Abare-chested dancer representing Inspiration crashes through a wall, trailing strips of luminescent white fabric. Jean Cocteau, natty is a tailored suit, follows close behind. The two dance a duet: They confront each other, they cooperate. Inspiration transports Cocteau (on his back) and then literally floors him. Cocteau freezes Inspiration long enough to sketch a picture, but then Inspiration dances a flapper number and leaves as quickly as he entered. Cocteau is left bereft, leadenly walking through steps which had been graceful a moment before.
The work is Light Shall Lift Them, created, choreographed and directed by John Kelly, playing Nov. 10-13 in the Brooklyn Academy of Music’s Next Wave Festival. It is a lyrical look at Cocteau and one of the figures who inspired him, Texan aerialist Vander Clyde, who captivated Paris in the 1920s and ’30s, performing in drag under the name Barbette. Its scope is epic, spanning two continents and four decades; in all, Kelly, singer Mary Elizabeth Poore and dancer Robert La Fosse of the New York City Ballet play 10 characters. Kelly even appears on a trapeze reenacting a Barbette routine. The subject, as in much of Kelly’s work, is the role of loss and creativity in artists’ lives. And, like all of Kelly’s work, Light Shall Lift Them contains no spoken dialogue, instead using music (composed by Bill Obrecht with lyrics by Mark Campbell), film (shot by Anthony Chase), dance and exquisite visual images to convey the story.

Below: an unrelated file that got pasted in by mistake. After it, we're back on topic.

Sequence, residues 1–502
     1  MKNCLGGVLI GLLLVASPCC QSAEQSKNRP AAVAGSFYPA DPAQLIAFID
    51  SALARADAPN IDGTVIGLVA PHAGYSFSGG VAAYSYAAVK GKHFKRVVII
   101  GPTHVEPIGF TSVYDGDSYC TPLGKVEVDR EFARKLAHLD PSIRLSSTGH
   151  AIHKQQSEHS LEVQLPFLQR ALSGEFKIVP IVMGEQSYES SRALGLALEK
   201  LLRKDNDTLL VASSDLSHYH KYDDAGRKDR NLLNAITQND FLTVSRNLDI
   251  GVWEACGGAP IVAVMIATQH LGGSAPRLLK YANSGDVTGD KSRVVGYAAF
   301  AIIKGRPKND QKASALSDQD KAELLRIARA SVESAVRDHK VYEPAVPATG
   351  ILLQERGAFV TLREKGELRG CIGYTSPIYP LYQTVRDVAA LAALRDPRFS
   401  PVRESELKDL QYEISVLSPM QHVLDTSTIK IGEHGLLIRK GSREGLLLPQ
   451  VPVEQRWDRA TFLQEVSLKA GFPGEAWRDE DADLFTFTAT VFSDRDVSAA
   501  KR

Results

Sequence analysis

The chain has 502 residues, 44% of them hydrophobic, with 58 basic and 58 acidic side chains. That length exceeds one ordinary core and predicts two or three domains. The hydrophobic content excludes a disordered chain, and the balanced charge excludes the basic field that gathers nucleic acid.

Surreal, dreamlike logic
The dance between Cocteau (Kelly) and his Inspiration (La Fosse) exemplifies the surreal, dreamlike logic Kelly’s work possesses. “I’ve never been interested in doing |theatre of speaking’ because I think there’s a lot of it that’s really boring,” Kelly shrugs. Everyday speech is not theatrical, he asserts, so in theatre “one can achieve poetry more readily without words, by using images and dynamics.” Kelly believes in telling stories obliquely “But at the same time I want to communicate with people. I don’t want to just do it at them; it needs to be an exchange.”
Kelly’s unconventional techniques don’t usually make his work difficult to follow, but they do make it difficult to categorize, and he finds the capitalist emphasis on arts marketing discouraging. Although Kelly considers his work theatre, his critics have a harder time classifying it. “People often ask, Is what you do dance? Is it theatre? Is it music? What is it?’ And then if you call it performance art,” he goes on, “it’s a bad rap. Now I’m into calling myself a poet. But people don’t trust that.”
Kelly’s background he bounced from courses in visual art to dance and then studied to be a painter pointed him in the direction of multimedia performance. One night, while sketching the crowd at a New York gay club, he was struck by a man in punk drag lip-synching songs by the exotic vocalist Nina Hagen. “It was a revelation,” he recalls. “It wasn’t really about women, it was asexual or neuter and it was like a Fury. And I looked at it and said, My God, that’s exactly what I want to create.'” Kelly began staging his own drag performances at venues such as Manhattan’s Pyramid Club, first lip-synching Maria Callas and then singing operatic arias in his own compelling countertenor. He auditioned for theatre experimentalists Robert Wilson, Pina Bausch and Richard Foreman, and was turned down by all of them. “Obviously,” he notes, “I wasn’t meant to be in other people’s work.”